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Plastic Pollution in the World's Oceans: More than 5 Trillion Plastic Pieces Weighing over 250,000 Tons Afloat at Sea

Overview of attention for article published in PLoS ONE, December 2014
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About this Attention Score

  • In the top 5% of all research outputs scored by Altmetric
  • One of the highest-scoring outputs from this source (#3 of 155,629)
  • High Attention Score compared to outputs of the same age (99th percentile)
  • High Attention Score compared to outputs of the same age and source (99th percentile)

Citations

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1172 Dimensions

Readers on

mendeley
3624 Mendeley
citeulike
2 CiteULike
Title
Plastic Pollution in the World's Oceans: More than 5 Trillion Plastic Pieces Weighing over 250,000 Tons Afloat at Sea
Published in
PLoS ONE, December 2014
DOI 10.1371/journal.pone.0111913
Pubmed ID
Authors

Marcus Eriksen, Laurent C. M. Lebreton, Henry S. Carson, Martin Thiel, Charles J. Moore, Jose C. Borerro, Francois Galgani, Peter G. Ryan, Julia Reisser

Abstract

Plastic pollution is ubiquitous throughout the marine environment, yet estimates of the global abundance and weight of floating plastics have lacked data, particularly from the Southern Hemisphere and remote regions. Here we report an estimate of the total number of plastic particles and their weight floating in the world's oceans from 24 expeditions (2007-2013) across all five sub-tropical gyres, costal Australia, Bay of Bengal and the Mediterranean Sea conducting surface net tows (N = 680) and visual survey transects of large plastic debris (N = 891). Using an oceanographic model of floating debris dispersal calibrated by our data, and correcting for wind-driven vertical mixing, we estimate a minimum of 5.25 trillion particles weighing 268,940 tons. When comparing between four size classes, two microplastic <4.75 mm and meso- and macroplastic >4.75 mm, a tremendous loss of microplastics is observed from the sea surface compared to expected rates of fragmentation, suggesting there are mechanisms at play that remove <4.75 mm plastic particles from the ocean surface.

Twitter Demographics

The data shown below were collected from the profiles of 1,233 tweeters who shared this research output. Click here to find out more about how the information was compiled.

Mendeley readers

The data shown below were compiled from readership statistics for 3,624 Mendeley readers of this research output. Click here to see the associated Mendeley record.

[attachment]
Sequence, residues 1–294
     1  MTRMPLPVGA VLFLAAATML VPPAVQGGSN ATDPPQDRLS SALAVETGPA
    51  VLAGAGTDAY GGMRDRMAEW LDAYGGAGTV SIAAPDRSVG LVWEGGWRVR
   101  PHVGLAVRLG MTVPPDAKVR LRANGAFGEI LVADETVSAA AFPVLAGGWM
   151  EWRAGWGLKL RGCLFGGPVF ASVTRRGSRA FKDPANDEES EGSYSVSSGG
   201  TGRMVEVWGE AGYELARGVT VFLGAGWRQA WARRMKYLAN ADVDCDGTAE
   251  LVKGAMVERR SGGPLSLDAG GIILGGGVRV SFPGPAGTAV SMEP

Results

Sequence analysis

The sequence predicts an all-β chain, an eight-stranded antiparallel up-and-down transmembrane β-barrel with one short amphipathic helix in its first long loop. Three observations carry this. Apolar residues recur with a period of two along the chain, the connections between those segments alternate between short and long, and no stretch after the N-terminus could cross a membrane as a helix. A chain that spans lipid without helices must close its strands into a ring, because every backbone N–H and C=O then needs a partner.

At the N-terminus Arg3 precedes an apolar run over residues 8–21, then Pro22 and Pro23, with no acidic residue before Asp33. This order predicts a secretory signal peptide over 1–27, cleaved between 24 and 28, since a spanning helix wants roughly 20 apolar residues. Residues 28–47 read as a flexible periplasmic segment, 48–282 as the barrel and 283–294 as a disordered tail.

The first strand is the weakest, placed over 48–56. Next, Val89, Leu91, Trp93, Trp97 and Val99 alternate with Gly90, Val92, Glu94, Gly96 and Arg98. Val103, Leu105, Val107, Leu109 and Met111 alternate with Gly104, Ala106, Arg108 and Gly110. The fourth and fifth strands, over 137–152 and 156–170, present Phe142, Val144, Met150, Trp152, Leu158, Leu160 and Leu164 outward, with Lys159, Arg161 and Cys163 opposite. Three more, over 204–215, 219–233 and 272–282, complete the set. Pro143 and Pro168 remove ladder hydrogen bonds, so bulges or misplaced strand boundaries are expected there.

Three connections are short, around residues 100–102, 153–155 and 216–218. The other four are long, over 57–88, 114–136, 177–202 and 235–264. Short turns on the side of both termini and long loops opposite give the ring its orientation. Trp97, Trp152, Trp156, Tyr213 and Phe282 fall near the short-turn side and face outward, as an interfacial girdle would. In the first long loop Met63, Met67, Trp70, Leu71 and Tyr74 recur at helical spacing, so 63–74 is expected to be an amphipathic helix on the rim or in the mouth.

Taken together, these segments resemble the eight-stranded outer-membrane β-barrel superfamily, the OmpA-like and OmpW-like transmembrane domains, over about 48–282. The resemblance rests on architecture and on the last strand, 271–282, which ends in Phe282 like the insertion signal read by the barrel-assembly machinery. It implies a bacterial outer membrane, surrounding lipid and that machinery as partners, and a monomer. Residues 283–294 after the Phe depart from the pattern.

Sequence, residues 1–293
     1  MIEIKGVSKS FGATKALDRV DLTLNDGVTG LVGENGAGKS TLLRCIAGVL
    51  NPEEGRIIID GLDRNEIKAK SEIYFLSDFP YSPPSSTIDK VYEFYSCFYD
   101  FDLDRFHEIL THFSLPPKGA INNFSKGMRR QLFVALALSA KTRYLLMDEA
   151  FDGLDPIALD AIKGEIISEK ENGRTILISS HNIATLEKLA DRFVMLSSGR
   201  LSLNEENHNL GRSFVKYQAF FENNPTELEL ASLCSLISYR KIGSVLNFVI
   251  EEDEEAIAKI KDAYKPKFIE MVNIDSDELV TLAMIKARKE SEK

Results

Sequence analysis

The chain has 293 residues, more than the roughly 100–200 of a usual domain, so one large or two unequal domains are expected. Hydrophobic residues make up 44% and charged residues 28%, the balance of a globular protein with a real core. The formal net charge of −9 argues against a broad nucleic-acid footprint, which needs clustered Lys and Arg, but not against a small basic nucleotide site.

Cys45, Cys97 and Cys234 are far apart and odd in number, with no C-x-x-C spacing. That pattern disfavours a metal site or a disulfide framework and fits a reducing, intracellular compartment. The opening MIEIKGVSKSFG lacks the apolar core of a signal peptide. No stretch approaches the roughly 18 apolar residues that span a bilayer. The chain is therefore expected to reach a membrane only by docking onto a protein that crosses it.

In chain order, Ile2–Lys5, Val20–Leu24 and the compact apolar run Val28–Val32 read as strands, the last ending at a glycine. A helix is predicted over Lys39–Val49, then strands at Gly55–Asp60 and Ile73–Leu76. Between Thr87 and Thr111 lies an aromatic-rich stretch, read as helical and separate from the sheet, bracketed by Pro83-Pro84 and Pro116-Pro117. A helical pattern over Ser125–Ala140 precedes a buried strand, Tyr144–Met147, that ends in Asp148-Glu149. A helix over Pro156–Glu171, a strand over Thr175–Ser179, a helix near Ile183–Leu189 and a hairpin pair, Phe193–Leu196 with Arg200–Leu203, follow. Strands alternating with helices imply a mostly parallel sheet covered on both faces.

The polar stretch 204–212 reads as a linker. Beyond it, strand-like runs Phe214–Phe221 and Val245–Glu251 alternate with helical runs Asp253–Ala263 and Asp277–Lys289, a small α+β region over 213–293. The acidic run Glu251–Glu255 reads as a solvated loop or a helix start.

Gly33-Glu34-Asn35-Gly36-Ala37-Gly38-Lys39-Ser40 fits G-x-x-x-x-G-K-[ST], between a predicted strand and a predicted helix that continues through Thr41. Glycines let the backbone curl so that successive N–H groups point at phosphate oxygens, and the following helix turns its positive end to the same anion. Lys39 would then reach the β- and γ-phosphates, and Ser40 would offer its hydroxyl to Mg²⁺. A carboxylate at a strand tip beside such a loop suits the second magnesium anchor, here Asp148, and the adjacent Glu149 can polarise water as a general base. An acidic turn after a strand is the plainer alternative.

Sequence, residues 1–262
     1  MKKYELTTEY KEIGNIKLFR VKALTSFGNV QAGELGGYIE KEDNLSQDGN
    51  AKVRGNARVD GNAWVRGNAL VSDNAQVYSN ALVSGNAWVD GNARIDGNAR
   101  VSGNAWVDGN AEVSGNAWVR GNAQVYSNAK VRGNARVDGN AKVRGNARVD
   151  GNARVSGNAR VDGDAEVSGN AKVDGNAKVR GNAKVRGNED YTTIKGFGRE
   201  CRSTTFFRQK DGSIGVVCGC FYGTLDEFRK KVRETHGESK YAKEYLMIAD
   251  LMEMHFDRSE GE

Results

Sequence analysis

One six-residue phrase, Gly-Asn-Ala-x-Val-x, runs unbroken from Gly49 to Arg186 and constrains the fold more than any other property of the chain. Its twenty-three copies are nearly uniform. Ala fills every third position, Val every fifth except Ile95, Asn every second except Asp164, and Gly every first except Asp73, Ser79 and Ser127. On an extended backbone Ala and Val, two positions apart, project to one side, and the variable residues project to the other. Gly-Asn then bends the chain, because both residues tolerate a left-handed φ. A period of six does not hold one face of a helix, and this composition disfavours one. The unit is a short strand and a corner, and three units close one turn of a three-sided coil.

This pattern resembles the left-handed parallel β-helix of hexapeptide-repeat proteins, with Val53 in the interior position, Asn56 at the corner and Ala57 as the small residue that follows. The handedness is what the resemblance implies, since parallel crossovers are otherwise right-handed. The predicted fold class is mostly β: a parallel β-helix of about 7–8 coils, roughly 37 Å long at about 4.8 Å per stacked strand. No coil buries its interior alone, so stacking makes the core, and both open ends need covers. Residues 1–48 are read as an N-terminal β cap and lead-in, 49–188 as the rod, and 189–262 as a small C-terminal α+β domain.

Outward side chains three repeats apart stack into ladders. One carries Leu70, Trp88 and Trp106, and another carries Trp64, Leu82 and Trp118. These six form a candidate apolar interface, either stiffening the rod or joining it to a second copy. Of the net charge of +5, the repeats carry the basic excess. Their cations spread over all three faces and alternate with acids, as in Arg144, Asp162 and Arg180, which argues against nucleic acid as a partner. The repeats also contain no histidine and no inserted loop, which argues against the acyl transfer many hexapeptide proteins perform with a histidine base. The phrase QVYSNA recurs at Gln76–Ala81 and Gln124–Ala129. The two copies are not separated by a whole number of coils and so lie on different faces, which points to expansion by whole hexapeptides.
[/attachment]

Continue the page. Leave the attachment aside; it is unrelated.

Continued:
Geographical breakdown

Country Count As %
United States 12 <1%
Brazil 7 <1%
United Kingdom 6 <1%
Germany 5 <1%
Portugal 4 <1%
Belgium 4 <1%
Spain 4 <1%
France 4 <1%
Chile 3 <1%
Other 24 <1%
Unknown 3551 98%

Demographic breakdown

Readers by professional status Count As %
Student > Bachelor 915 25%
Student > Master 729 20%
Student > Ph. D. Student 450 12%
Researcher 396 11%
Other 133 4%
Other 441 12%
Unknown 560 15%
Readers by discipline Count As %
Environmental Science 915 25%
Agricultural and Biological Sciences 665 18%
Engineering 289 8%
Biochemistry, Genetics and Molecular Biology 178 5%
Chemistry 177 5%
Other 682 19%
Unknown 718 20%

Attention Score in Context

This research output has an Altmetric Attention Score of 3481. This is our high-level measure of the quality and quantity of online attention that it has received. This Attention Score, as well as the ranking and number of research outputs shown below, was calculated when the research output was last mentioned on 30 July 2020.
All research outputs
#494
of 15,573,622 outputs
Outputs from PLoS ONE
#3
of 155,629 outputs
Outputs of similar age
#2
of 305,715 outputs
Outputs of similar age from PLoS ONE
#1
of 2,514 outputs
Altmetric has tracked 15,573,622 research outputs across all sources so far. Compared to these this one has done particularly well and is in the 99th percentile: it's in the top 5% of all research outputs ever tracked by Altmetric.
So far Altmetric has tracked 155,629 research outputs from this source. They typically receive a lot more attention than average, with a mean Attention Score of 12.9. This one has done particularly well, scoring higher than 99% of its peers.
Older research outputs will score higher simply because they've had more time to accumulate mentions. To account for age we can compare this Altmetric Attention Score to the 305,715 tracked outputs that were published within six weeks on either side of this one in any source. This one has done particularly well, scoring higher than 99% of its contemporaries.
We're also able to compare this research output to 2,514 others from the same source and published within six weeks on either side of this one. This one has done particularly well, scoring higher than 99% of its contemporaries.